A unity pact struck reportedly by separatist rebel factions in Papua province is an attempt to win public support, the Indonesian military said Friday, while it was still searching for a helicopter that vanished in the region a week earlier with 12 servicemen on board.
The head of the United Liberation Movement for West Papua (ULMWP) announced this week that three rebel groups resisting Jakarta’s forces in the far eastern province had agreed on May 1 to come together and unify militarily under the banner of the West Papua Army.
ULMWP’s claims, however, were “a ploy to gain public sympathy,” said Muhammad Aidi, a spokesman in Papua for the Indonesian armed forces (TNI).
“They’ve been saying that for a long time,” he told BenarNews. “For us, whether they are united or divided is not an issue.”
He added a warning.
“No sovereign country will tolerate separatism. Raising an army is a violation of the law. Not only will they have to face the TNI, but also the entire people of Indonesia,” Aidi said.
Maj. Gen. Sisriadi, TNI’s national spokesman, described the Papuan rebels as “criminals.”
“The TNI will continue to assist the police in enforcing the laws in Papua, by looking for and arresting wanted armed criminals who have carried out criminal acts such as the destruction of property, the killing of civilians and other atrocities,” Sisriadi told BenarNews.
“Several important people from the armed criminal groups in Papua have realized their mistakes and surrendered their weapons to the military and promised to work together with the people to develop Papua as an integral part of the Unitary State of Indonesia,” Sisriadi said, referring to rebels.
Search teams, meanwhile, have been out looking every day – weather permitting – but so far have uncovered no traces of the army helicopter that went missing during a flight in remote and densely forested Papua on June 28, Aidi said. Its jungle-clad terrain and limited road networks make air transport vital to the troubled region.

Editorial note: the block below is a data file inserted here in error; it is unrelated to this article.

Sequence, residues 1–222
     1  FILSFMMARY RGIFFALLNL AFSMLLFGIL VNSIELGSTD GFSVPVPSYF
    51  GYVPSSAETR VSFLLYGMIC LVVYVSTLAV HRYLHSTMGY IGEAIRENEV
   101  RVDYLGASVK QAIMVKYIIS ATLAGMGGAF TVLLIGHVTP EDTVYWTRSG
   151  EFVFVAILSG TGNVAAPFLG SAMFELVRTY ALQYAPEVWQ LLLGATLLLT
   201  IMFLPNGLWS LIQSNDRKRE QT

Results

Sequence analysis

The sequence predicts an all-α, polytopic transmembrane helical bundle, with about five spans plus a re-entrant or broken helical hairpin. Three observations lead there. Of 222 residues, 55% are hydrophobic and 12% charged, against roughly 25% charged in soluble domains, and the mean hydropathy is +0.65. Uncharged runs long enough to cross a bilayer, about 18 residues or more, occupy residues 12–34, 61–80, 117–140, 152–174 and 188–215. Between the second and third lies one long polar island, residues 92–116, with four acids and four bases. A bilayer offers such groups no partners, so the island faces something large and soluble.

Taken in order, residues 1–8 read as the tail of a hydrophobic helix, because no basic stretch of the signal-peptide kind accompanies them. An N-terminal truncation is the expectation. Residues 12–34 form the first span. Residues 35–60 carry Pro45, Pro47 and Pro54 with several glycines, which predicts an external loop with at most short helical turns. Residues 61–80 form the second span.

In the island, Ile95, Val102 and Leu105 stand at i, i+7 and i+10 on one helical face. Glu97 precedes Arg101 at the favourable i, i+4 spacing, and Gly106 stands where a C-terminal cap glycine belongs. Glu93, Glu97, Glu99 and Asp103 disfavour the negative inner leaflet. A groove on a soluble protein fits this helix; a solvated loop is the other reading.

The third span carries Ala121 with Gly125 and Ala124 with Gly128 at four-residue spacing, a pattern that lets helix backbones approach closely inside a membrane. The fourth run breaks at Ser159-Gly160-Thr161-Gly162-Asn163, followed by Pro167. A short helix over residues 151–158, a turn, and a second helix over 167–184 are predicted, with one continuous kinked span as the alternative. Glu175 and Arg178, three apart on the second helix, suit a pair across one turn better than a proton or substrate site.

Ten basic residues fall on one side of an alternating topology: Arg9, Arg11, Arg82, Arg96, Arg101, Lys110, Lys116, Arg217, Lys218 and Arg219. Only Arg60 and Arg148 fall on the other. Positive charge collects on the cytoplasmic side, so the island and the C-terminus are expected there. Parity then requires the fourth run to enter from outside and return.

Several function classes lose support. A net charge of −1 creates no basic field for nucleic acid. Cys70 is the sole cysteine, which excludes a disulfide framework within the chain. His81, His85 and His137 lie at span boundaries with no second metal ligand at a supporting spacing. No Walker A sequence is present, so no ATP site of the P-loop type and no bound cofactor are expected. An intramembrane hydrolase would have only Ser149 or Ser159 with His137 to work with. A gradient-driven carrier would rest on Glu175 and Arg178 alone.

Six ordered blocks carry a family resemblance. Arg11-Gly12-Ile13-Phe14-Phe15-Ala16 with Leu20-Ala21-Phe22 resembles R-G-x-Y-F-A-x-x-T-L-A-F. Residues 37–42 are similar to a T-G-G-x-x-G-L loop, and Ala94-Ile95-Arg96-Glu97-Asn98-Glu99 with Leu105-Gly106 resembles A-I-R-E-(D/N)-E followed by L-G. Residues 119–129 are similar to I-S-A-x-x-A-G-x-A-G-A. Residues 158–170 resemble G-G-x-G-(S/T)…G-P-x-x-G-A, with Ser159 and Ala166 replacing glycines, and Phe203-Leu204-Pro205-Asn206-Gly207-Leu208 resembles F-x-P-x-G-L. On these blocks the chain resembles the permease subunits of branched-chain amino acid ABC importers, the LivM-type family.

The Russian-made Mil Mi-17 lost contact with ground control a few minutes after lifting off from Oksibil, an administrative center in the mountainous Pegunungan Bintang regency, the military said.
“Still nothing, we have not found any signs of it,” Aidi said, adding that there had been no radio contact with the crew and passengers since the helicopter disappeared.
“There’s still a possibility that the helicopter made an emergency landing. We are still hopeful,” he said.
All 12 people on board were TNI personnel. There was one officer among them, a second lieutenant, according to Aidi.
The crew did not send out any distress signal and officials suspect that bad weather, which can develop rapidly, was a factor. The control tower reported the helicopter missing at an altitude of 7,800 feet (2,400 meters), five minutes after leaving Oksibil, according to the Associated Press.
It had stopped there to refuel while transporting troops and supplies to a border post near Indonesia’s frontier with Papua New Guinea, AP reported.
‘Unity is our strength’
Papua New Guinea is where the three rebel factions – the West Papua Revolutionary Army, the West Papuan National Army and the West Papua National Liberation Army – met in early May and agreed to join forces as a united army against Jakarta rule, according to Benny Wenda, the Britain-based leader of the United Liberation Movement for West Papua.
“This is important because it is the first time all the military factions have come together in the history of our struggle,” Wenda told BenarNews. “Unity is our strength. For the first time ever, we are politically unified under the ULMWP, and militarily unified under the West Papua Army.”